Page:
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Emergentology: The Opioid-Lite Emergency Department

Walker, Graham MD

doi: 10.1097/01.EEM.0000511098.82775.57

Dr. Walker is an emergency physician at Kaiser San Francisco. He is the developer and co-creator of MDCalc (, a medical calculator for clinical scores, equations, and risk stratifications, which also has an app (, and The NNT (, a number-needed-to-treat tool to communicate benefit and harm. Follow him on Twitter @grahamwalker, and read his past columns at

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If you're an emergency physician and you crawled out from under your rock at least once in the past nine months, you've probably heard of Alexis M. LaPietra, DO, and her mystical “opiate-free ED.” She and her emergency department at St. Joseph's Regional Medical Center in Paterson, NJ, have been featured in The Guardian and on MSNBC, CNN, Fox News, and the NBC Nightly News for trying to make a dent in emergency medicine's dependence on opioids for pain relief.

Please, dear reader, unroll your eyes. Dr. LaPietra will be the first to tell you that her ED still uses opiates on a daily basis. “No ER can or should function without opiates. I'm a huge fan of opiates,” she said, but she said EPs can provide excellent pain control in a number of cases without them.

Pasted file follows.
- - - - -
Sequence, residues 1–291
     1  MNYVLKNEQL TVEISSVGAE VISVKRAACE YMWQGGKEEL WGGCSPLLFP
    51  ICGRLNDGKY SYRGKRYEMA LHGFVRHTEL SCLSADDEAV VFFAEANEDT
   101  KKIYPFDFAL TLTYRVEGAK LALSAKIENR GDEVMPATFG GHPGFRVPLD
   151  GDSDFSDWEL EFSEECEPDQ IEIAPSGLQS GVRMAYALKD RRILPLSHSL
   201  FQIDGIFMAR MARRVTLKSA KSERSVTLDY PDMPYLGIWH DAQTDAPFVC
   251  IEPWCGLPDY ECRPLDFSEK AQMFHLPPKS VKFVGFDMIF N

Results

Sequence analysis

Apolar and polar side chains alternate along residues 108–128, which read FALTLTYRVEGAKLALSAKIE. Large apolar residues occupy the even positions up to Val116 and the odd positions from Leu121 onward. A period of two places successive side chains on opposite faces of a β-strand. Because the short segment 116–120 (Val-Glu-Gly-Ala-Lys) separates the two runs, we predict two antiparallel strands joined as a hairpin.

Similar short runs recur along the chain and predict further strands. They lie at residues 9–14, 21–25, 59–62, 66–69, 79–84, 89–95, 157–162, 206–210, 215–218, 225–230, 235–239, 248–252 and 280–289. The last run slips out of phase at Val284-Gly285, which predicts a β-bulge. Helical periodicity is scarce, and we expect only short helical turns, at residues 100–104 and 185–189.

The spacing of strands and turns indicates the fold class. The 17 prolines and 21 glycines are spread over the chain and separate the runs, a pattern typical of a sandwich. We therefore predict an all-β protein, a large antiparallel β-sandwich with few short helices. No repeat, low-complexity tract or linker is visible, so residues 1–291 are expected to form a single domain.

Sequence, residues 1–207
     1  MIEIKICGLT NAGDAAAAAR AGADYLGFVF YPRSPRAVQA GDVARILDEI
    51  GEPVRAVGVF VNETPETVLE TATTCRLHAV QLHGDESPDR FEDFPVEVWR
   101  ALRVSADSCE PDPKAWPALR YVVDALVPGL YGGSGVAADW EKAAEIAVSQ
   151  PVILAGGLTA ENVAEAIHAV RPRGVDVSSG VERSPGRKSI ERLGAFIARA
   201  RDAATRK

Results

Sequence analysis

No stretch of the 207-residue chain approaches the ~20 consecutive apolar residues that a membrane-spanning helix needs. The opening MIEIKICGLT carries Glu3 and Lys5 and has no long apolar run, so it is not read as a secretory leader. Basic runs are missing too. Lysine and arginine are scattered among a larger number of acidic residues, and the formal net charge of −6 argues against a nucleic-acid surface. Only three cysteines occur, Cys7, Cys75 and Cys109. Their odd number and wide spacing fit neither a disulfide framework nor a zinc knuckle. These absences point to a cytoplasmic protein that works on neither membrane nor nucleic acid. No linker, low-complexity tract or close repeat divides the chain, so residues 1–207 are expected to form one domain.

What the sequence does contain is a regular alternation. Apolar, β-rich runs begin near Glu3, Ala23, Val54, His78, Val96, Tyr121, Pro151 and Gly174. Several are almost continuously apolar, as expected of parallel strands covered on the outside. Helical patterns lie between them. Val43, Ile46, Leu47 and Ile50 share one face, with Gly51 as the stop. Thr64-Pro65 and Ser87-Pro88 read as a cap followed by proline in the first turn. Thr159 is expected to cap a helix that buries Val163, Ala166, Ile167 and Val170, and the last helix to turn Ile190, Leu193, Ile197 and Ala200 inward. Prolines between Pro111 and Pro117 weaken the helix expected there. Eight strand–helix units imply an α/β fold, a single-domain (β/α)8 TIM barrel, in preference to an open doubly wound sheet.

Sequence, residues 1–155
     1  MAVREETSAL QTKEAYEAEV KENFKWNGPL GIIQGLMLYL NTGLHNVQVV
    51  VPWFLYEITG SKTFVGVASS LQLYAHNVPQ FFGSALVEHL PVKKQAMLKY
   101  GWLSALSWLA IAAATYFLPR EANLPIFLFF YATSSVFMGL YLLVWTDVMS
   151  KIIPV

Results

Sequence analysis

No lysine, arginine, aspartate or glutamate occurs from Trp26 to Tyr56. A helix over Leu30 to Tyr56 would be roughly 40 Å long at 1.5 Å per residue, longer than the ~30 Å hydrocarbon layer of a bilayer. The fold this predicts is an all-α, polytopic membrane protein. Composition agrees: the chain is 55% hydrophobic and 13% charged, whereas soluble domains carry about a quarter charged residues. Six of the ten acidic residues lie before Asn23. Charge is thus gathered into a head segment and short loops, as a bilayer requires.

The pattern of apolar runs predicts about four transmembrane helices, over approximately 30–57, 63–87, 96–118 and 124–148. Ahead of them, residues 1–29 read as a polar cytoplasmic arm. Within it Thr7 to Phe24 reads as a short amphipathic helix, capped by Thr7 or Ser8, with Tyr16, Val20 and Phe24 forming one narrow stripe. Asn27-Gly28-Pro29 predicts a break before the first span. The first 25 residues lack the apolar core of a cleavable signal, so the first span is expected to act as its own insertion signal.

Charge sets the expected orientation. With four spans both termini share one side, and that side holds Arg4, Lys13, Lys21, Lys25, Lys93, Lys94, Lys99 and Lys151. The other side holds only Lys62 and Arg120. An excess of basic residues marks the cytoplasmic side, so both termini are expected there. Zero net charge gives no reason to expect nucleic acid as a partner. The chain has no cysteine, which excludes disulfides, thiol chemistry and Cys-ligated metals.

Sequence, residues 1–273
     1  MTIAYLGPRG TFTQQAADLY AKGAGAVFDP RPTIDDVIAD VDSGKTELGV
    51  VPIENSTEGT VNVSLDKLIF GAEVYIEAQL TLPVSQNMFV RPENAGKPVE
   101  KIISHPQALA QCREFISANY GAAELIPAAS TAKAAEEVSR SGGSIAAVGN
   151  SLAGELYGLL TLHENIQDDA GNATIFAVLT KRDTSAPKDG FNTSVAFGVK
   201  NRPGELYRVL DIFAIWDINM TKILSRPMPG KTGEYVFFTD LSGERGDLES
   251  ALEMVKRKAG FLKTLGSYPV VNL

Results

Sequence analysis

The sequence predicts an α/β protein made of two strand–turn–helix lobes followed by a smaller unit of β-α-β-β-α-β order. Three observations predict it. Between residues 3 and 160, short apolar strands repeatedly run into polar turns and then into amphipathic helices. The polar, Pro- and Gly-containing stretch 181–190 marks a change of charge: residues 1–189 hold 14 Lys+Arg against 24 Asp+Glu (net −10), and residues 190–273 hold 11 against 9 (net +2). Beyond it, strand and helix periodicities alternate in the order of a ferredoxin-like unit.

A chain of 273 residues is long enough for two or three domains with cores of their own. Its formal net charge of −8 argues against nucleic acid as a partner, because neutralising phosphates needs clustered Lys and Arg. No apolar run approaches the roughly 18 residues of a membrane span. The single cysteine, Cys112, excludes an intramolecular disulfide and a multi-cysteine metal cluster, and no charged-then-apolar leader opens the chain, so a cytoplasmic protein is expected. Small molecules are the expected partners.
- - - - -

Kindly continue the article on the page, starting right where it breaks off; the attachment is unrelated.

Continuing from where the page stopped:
I'd read about her department in the New York Times quite skeptically, but I was still interested. Which one of us wouldn't love to dole out fewer opioids if there were a reasonable and effective alternative? I spent an hour talking with her about her innovative ALTO (Alternatives to Opiates) program, but first, a bit of backstory.

Paterson, NJ, is in an interesting spot geographically. It has wealthy suburbs to the north, Newark to the south, farmland to the west, and New York City to the east. And sadly (but not surprisingly), St. Joseph's ED has seen the effects of opiates from all directions on the map. “People often drive into the community to get pills or heroin,” she told me. “There are women dressed in very expensive clothes with an expensive handbag overdosing, and in the next stretcher there is inner-city homeless with pinpoint pupils as well. Opiate dependence and addiction affect every race, age, and community, and we see them all here at St. Joseph's,” said Dr. LaPietra, the medical director of emergency medicine pain management and the director of the emergency medicine pain management fellowship at St. Joseph's Healthcare System and the chair of ACEP's pain management section.

When she was graduating from her residency in 2014, she was trying to answer that question we all faced: What now? Become an attending? Do a fellowship? She tells me she liked the idea of an ultrasound fellowship so she could master regional nerve blocks. She ended up talking with the regional anesthesia experts at her hospital and realized regional anesthesia was doing “a ton of stuff ... with a ton of crossover that we don't know about.” With the support of her innovative, forward-thinking department chair Mark Rosenberg, DO, her pain management fellowship was born.